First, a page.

Just as different types of online interactions are more or less valuable to marketers, so are social media platforms. More than half (54%) of marketers say potential audience reach is a top priority for selecting the social media platforms to include in their online strategies, but consumer behavior might not completely align with marketers’ choices, either.
The majority of marketers (89%) use Facebook for their organizations’ online presences, though in comparison, only two-thirds of consumers follow brands on Facebook.
More than half (65%) have business profiles on Instagram, 50% are on Twitter and 49% use YouTube for their social media efforts. Though only 41% of consumers follow organizations on Instagram, it still ranks higher than Twitter and YouTube, where 22% and 35% of consumers follow brands, respectively.
Other platforms and services, including Facebook Messenger, LinkedIn, Snapchat and Pinterest remain a part of marketers’ social media toolkit, even though these platforms have smaller consumer followings.
However, audience reach isn’t the only consideration when it comes to selecting which social media platforms to use.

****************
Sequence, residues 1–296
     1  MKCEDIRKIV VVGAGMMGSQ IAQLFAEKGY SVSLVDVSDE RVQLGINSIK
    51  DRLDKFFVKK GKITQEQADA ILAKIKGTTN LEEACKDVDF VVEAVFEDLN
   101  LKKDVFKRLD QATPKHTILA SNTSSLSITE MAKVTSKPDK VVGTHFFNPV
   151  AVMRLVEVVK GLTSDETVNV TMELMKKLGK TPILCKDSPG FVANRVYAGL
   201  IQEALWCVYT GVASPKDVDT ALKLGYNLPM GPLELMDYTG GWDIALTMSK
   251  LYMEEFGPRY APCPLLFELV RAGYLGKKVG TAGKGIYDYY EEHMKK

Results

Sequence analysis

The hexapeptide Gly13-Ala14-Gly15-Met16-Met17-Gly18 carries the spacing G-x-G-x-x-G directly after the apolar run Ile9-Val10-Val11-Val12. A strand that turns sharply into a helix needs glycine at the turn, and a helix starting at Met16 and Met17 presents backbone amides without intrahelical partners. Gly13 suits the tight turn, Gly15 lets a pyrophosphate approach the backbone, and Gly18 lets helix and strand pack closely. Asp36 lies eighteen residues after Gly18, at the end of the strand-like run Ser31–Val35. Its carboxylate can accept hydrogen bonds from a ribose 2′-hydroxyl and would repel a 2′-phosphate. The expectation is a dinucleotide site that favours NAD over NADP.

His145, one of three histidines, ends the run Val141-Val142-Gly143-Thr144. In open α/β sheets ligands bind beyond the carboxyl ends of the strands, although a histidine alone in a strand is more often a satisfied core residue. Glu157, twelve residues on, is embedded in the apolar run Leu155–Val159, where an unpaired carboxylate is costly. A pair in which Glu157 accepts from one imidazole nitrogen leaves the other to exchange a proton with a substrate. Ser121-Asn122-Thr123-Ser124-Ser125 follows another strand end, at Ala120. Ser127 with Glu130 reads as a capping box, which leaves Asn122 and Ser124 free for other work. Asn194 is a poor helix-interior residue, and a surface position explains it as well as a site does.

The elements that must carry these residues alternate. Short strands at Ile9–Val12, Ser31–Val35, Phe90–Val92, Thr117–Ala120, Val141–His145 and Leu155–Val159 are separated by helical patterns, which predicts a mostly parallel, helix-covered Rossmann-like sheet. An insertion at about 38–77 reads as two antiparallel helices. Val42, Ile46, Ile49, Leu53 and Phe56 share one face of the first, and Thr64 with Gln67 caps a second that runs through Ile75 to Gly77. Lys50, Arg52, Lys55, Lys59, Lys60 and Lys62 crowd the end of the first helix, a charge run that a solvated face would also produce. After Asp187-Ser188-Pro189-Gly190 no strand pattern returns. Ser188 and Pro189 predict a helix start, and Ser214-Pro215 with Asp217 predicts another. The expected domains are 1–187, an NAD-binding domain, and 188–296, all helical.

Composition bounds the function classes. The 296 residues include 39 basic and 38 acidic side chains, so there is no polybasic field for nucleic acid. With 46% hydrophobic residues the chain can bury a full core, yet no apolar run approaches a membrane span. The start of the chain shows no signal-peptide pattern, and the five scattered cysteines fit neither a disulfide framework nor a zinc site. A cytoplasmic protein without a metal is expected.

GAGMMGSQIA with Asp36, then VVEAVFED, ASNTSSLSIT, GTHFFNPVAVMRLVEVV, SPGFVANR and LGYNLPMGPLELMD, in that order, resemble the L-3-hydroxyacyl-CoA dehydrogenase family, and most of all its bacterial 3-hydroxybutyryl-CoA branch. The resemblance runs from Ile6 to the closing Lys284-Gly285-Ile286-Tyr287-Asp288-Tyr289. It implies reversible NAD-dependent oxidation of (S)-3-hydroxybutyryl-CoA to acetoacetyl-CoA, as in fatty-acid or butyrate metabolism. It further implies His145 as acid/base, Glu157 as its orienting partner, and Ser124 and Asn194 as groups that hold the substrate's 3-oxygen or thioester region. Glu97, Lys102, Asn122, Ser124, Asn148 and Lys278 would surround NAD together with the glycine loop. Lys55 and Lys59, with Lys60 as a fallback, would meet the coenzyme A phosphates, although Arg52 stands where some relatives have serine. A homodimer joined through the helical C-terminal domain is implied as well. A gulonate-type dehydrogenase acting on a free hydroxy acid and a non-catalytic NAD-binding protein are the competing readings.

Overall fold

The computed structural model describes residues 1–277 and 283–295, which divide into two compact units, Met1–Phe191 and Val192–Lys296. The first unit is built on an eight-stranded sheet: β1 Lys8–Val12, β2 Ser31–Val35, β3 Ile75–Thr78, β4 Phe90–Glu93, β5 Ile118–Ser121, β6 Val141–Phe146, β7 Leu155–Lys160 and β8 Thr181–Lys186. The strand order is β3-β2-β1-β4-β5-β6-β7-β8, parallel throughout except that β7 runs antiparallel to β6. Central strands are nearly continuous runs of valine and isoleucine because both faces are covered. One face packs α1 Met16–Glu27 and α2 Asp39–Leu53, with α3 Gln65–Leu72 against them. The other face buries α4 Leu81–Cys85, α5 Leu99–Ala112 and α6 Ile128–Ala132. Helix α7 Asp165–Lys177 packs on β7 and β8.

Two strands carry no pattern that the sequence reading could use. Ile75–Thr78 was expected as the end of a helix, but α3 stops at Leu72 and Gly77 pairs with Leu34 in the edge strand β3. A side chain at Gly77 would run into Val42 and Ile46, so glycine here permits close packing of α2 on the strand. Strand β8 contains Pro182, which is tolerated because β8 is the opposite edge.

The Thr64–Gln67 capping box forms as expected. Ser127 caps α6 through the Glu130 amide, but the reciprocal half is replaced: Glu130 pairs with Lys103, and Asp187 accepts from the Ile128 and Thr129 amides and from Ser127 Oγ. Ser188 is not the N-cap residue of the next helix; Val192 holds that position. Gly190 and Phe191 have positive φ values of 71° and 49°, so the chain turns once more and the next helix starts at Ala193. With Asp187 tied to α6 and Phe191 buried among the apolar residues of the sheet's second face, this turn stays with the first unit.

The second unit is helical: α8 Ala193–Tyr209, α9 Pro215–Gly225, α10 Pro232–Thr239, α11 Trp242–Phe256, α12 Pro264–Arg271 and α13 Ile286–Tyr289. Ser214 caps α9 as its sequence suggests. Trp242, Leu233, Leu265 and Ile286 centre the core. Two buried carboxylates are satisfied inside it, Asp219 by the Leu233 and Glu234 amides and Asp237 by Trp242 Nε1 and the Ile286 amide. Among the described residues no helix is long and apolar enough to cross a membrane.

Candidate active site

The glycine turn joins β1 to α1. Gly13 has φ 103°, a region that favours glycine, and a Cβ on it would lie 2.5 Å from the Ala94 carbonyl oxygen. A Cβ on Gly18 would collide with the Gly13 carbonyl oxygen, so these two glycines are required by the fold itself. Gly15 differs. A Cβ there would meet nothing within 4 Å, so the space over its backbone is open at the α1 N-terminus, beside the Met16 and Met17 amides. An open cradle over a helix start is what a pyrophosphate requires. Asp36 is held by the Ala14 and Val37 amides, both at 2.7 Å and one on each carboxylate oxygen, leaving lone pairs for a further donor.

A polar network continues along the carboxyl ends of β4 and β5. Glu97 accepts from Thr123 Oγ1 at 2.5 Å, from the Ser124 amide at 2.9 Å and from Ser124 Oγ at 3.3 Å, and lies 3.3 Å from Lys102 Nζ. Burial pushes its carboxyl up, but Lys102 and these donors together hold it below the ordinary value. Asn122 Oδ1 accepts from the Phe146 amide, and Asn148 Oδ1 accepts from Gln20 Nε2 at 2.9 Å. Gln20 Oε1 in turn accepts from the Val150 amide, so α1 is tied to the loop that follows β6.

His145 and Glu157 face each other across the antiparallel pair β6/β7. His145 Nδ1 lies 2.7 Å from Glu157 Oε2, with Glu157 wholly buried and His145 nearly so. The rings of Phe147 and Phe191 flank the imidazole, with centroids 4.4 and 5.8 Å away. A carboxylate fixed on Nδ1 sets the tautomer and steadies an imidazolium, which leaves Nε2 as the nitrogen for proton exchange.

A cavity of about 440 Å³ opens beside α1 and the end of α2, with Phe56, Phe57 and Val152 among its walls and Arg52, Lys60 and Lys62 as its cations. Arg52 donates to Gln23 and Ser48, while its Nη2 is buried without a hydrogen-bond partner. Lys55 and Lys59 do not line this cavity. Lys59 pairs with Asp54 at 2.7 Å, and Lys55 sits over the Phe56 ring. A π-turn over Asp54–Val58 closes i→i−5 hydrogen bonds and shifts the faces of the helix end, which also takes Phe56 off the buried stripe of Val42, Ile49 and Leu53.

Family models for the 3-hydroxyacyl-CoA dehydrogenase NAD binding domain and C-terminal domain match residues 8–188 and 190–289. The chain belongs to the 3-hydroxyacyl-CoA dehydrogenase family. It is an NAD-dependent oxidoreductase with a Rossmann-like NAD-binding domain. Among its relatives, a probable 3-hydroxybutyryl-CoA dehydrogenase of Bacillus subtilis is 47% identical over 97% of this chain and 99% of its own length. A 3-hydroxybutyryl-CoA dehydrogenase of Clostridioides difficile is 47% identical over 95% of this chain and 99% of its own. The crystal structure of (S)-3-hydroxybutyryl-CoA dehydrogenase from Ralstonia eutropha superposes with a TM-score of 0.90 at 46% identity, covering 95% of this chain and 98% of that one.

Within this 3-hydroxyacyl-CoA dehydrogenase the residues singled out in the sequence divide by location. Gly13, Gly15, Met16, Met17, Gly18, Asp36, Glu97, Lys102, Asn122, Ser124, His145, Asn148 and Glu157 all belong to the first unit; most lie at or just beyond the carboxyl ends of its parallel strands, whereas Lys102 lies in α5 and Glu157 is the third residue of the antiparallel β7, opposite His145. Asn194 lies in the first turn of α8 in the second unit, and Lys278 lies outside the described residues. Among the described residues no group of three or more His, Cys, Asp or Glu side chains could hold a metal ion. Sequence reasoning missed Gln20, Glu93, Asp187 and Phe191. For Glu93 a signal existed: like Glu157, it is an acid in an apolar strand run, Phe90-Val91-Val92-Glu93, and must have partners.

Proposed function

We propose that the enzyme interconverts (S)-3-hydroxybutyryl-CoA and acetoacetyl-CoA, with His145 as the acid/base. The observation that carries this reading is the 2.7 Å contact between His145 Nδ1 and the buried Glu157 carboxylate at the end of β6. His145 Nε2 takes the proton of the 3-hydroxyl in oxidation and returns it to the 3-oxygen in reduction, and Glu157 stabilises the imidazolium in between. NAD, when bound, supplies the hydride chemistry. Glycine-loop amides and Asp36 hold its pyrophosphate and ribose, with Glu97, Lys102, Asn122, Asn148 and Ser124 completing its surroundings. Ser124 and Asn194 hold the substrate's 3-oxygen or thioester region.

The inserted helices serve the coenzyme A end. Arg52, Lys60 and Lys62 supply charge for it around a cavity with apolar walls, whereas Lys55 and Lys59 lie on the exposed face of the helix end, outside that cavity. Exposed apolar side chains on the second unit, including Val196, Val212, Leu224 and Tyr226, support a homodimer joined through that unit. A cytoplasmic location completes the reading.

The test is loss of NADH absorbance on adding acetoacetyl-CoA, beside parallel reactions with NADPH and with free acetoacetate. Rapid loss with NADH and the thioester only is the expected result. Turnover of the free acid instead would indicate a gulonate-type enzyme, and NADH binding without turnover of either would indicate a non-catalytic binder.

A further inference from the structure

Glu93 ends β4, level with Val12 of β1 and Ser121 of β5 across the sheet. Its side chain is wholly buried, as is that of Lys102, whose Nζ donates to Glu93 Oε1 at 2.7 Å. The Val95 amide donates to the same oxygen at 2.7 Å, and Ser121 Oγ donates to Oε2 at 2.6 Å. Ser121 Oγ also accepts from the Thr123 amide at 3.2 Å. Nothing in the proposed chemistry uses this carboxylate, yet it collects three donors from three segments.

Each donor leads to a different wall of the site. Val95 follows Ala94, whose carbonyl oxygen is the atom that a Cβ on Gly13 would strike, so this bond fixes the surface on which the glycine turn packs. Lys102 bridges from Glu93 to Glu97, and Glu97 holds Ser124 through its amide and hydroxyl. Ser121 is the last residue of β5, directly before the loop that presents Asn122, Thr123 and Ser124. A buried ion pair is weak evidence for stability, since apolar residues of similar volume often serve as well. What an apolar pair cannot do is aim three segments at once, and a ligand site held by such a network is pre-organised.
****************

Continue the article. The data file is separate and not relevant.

Nearly half (47%) of marketers say they consider a platform’s cost of paid ads, and 38% say they look at the platform’s potential for driving traffic. Nearly the same amount (37%) consider how many leads a platform might generate, while other marketers look at a platform’s algorithm updates (33%), a platform’s demographics (29%) or options for targeting a platform’s user base (24%).
Considering that most marketers want to show that social media efforts positively affect sales and lead generation, it is important to understand why consumers follow and unfollow brands online.
Sprout Social reported that half of consumers follow branded social media accounts to learn about new products and services, and nearly half (48%) want to be entertained. Forty percent want to learn about an organization’s news, while learning about promotions or discounts (38%), connecting with other consumers (36%), and becoming inspired (36%) or educated (35%) rank lower in terms of consumer behaviors:
To play to consumer behaviors, brand managers should remember that posts that entertain will gain the most engagement (67% of consumers will like or comment), followed by posts that inspire (57% will like or comment).
Brand managers should also take care to avoid tactics that drive consumers away.
More than half (56% and 51% respectively) of consumers will unfollow brands on social media for poor online customer service and irrelevant content. Forty-three percent will say goodbye if they see too many ads, while too many promotional posts and posts about politics or social issues also drive away consumers.
Don’t forget the power of your organization’s employees, either. Nearly half of consumers are more likely to research your product or service if an employee posts about it online.
How does this report stack up against your social media marketing strategies, PR Daily readers?